Issa played the script very well until a point where reality surfaced abruptly. At first, as I was listening to his impeccable Arabic, I was wondering why did he have this Arabian Peninsula accent and utter those mechanical sentences. It was strange to hear an African "minister" of a future regime in Chad speaking excellent Arabic, but I gave it a pass. Until, at the end of his interview he made a troubling mistake. Out of the blue he started to thank the "brave commander of the Islamic Republic of Sudan" General Omar al Bashir (the head of the regime responsible for the Genocide in Darfur) for his help to the "movement" and started to praise his "highness the servant of the two shrines," (that is the Saudi Monarch) for his support (obviously to the movement). Suddenly, and despite the frustration of the al jazeera anchor that the game may have been exposed, I connected the dots. It was indeed a Sudanese-backed operation to change the regime in Chad, and backed by Wahabi circles, as a preemptive move to crumble the forthcoming humanitarian operation in Darfur.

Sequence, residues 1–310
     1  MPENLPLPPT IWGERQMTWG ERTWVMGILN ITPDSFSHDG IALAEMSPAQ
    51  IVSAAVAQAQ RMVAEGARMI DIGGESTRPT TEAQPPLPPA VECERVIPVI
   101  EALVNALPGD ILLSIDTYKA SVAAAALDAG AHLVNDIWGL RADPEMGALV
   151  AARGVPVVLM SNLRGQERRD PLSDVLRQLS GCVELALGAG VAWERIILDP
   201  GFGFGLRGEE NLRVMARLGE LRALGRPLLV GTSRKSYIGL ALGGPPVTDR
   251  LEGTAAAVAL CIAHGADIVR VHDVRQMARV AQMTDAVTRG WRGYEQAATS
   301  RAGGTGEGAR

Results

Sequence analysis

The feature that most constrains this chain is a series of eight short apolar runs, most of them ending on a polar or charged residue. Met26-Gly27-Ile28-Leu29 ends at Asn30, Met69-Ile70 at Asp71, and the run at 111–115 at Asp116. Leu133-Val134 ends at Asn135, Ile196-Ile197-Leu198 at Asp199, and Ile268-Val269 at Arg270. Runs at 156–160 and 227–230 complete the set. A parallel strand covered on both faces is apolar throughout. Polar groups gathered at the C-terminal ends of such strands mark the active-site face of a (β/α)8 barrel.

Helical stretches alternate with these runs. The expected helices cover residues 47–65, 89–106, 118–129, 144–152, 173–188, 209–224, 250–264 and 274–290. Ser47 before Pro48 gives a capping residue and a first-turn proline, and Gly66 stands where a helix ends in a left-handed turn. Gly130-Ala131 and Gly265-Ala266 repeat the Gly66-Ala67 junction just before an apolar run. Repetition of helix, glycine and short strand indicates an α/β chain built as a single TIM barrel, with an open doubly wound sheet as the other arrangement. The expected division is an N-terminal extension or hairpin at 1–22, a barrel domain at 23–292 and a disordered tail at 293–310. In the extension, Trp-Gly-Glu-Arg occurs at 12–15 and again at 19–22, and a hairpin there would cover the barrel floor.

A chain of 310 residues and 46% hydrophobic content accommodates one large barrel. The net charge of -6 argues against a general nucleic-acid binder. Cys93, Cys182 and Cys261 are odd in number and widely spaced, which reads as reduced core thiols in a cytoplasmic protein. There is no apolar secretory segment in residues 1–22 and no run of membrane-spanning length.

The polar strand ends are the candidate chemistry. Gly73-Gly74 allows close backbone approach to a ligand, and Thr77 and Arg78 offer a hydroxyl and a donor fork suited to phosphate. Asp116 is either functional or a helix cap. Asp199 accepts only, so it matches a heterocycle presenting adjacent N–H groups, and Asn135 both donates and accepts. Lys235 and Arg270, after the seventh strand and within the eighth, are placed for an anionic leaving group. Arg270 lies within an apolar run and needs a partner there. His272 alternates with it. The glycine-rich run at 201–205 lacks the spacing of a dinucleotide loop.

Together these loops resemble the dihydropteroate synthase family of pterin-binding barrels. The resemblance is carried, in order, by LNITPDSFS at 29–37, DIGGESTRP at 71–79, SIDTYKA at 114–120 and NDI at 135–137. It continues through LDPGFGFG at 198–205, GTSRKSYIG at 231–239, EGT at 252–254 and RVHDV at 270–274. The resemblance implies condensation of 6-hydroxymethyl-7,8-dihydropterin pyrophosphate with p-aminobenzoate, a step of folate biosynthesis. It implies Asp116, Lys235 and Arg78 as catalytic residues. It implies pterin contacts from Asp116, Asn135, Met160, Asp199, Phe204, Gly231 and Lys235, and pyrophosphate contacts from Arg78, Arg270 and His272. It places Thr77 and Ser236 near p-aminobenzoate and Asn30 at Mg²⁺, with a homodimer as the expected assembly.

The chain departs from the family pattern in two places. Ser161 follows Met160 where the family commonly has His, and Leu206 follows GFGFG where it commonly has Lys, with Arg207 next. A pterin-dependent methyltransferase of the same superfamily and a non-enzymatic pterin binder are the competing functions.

The so-called rebellion in Chad is not a rebellion, but rather an invasion by Saudi-funded and Sudan-trained forces with the intention of overthrowing the government of Chad and replacing it with a "native" African Taliban.

This may be one place the US has to take a hand in, much as the US has with Ethiopian help in Somalia.

2/05/2008 05:37:00 AM  
Blogger Peter Grynch said...

France may be ready to step up:
LA ROCHELLE, France (AP) — France is ready to begin a military operation in Chad against rebels if necessary, French President Nicolas Sarkozy said yesterday.



But the government stressed that France had no immediate plans to step up its military involvement, saying the fighting appeared to be abating.



France has about 1,900 troops already based in Chad, a former French colony in Central Africa, where rebels and government troops have been clashing in and near the capital for three days.



"If France must do its duty, it will do so," Mr. Sarkozy said in response to a question on a possible French military operation in Chad. "Let no one doubt it."



On Monday, the U.N. Security Council paved the way for countries allied with Chad to help repel a rebel offensive.



Mr. Sarkozy said French troops have not been involved in the fighting except last Friday night, when they opened fire to protect French civilians being evacuated. He said that was a case of self-defense.


http://www.washingtontimes.com/apps/pbcs.dll/article?AID=/20080206/FOREIGN/307870493/1003

2/06/2008 04:45:00 AM